Bucking the trend of "bigger, badder, louder, faster," Samurai Shodown is a return to the glory days of SNK's beloved sword-slashing fighting franchise. The slower, more thoughtful combat style the franchise is known for is on full display here, challenging players not just to be better at fighting games, but also smarter. Wrapped in a beautiful overall package and given some interesting new roster additions, Samurai Shodown is probably the best new chapter we could have ever hoped for.
Making a spin-off to a beloved niche series that then drops its most popular character seemed like a crazy idea at first, but Judgment is a success beyond what I could have expected. Though it never quite escapes the shadow of its older siblings, this tale of a fallen lawyer and his refusal to let go of the truth provides an experience that has a lot to offer both Yakuza fans and newcomers alike.
A lot of people are probably going to sleep on, or not even know about, A Plague Tale: Innocence—and that's a shame. It's a gripping, touching, emotional, yet at times horrifying experience, one that feels quite unlike almost any other game out there.
While it's an unabashed Left 4 Dead clone that never extends beyond the conservative concepts and budgets that obviously constrained its development, World War Z offers up an enjoyable adventure that at times does a lot with the little it attempts. No matter whether playing the co-op campaign or competitive multiplayer, there's enough good to the game to make the bad not feel as bad.
Dead or Alive 6 is a solid new chapter in Team Ninja's long-running fighting game series that has rarely been satisfied with just being "solid." All of the groundwork that needed to be built here was built, but upon it was placed a mostly by-the-numbers experience that is too often just as frustrating as it is fun. While a reworking of the game could leave it in a much better place in the future (and on newer consoles), for now it's a good release for people wanting more Dead or Alive as long as they don't mind its value is limited.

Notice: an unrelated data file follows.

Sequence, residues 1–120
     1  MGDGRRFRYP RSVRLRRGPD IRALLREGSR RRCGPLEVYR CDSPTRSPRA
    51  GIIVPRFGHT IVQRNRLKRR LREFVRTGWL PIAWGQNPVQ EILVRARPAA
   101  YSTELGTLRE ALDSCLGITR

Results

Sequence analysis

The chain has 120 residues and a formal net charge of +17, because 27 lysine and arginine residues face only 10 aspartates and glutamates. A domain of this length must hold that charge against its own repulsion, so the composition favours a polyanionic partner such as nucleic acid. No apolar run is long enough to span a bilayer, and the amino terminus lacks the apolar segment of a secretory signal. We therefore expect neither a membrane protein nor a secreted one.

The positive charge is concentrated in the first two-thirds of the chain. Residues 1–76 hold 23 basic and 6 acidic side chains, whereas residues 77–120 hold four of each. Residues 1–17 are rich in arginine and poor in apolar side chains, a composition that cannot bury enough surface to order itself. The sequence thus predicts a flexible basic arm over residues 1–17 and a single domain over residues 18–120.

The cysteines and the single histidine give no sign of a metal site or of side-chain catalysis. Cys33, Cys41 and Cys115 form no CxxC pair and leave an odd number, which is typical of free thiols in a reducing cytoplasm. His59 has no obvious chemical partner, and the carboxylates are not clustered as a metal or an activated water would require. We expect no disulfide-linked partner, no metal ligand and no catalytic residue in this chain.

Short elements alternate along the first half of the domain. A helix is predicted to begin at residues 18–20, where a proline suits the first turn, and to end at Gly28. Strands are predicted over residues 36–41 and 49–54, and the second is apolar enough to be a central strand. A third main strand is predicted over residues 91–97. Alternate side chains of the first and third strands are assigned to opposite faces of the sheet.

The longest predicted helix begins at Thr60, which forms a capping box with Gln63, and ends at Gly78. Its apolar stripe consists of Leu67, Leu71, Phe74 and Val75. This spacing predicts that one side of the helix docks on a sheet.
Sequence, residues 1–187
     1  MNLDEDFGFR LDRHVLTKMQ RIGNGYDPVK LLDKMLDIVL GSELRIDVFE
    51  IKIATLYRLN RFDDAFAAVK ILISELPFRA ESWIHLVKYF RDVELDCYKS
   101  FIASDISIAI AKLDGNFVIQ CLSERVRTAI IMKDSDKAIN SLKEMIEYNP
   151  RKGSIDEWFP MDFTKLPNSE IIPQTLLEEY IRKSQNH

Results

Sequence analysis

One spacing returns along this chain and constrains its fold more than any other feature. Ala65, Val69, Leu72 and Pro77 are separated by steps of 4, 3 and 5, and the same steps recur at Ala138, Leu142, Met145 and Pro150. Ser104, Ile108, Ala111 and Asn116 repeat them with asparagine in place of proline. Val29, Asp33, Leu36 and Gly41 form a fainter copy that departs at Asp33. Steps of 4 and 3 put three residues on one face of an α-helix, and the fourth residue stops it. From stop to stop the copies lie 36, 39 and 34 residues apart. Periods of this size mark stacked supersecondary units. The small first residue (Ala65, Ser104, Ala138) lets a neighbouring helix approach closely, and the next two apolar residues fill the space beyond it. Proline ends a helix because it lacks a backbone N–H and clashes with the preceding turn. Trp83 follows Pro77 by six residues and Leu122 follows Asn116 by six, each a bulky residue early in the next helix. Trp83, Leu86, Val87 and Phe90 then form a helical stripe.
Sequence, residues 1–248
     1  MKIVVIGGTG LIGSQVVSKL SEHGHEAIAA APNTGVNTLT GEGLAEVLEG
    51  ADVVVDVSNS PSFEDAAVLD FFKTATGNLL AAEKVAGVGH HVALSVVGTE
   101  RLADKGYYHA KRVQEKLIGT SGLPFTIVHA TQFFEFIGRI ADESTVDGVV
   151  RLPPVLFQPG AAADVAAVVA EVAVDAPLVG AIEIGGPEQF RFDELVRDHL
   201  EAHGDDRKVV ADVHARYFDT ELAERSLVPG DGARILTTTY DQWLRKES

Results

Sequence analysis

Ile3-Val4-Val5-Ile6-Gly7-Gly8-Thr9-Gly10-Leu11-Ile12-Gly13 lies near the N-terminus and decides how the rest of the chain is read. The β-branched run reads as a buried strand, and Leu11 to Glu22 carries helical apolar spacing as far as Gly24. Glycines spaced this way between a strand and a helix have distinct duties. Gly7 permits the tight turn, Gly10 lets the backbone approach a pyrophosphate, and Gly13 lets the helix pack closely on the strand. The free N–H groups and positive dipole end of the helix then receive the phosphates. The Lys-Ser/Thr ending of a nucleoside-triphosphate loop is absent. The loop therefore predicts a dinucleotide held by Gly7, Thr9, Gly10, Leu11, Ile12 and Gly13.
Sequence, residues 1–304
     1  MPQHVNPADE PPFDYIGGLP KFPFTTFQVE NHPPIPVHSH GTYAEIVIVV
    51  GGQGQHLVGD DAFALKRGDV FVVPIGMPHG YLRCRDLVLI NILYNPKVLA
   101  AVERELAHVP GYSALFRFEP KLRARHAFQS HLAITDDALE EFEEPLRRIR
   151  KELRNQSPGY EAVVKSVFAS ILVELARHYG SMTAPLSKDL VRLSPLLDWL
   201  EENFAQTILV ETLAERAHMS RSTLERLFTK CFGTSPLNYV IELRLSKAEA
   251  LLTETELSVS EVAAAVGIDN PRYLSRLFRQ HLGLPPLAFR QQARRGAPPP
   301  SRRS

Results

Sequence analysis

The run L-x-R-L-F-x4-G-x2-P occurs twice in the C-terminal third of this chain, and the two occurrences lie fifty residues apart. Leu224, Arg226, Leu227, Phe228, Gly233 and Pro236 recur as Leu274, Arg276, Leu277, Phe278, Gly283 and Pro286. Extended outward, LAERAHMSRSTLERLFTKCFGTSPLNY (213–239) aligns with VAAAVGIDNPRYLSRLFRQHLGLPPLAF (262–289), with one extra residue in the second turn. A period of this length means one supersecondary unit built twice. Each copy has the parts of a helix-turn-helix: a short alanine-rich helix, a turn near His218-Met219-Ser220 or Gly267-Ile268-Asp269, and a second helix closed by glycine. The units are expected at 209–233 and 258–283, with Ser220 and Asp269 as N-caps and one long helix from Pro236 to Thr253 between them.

Jump Force is the kind of game that would usually just come and go due to how unimpressive and flawed of an effort it is, and it's more than likely that that's exactly what it is going to do. And yet, buried beneath all of the bad is some honest amount of good. It's almost a shame that Jump Force wasn't more of a mess in everything other than its 3-vs-3 fights, because the game would be a whole lot more enjoyable if we were able to laugh at its terribleness more often.
The Liar Princess and the Blind Prince continues Nippon Ichi Software's tradition of visually compelling games that sadly feel a little lacking in the gameplay department. This adventure of a wolf in human form leading a delicate prince through a dangerous forest could have benefitted from a deep level of puzzles and polish—and yet, in the end, it may still win you over due to its style and sentiment.
More than just a simple remake of a cherished classic, Resident Evil 2 is a reinvigoration of the entire franchise, showing just how much life it still has left without the need to make drastic gameplay or stylistic changes. From start to end, this is a phenomenal showcase of old mixed with new, both giving players the chance to relive an important chapter in the life of the series under fantastic new conditions, while also potentially paving the way for Resident Evil for years to come.
Katamari Damacy Reroll brings the original Katamari Damacy back for a new generation, and all of its fantastic gameplay and heart is now combined with beautiful high-definition visuals. There's almost nothing new here save for mediocre motion controls, but then again, nothing needed to be added to make this quirky classic worth playing again (or for the first time).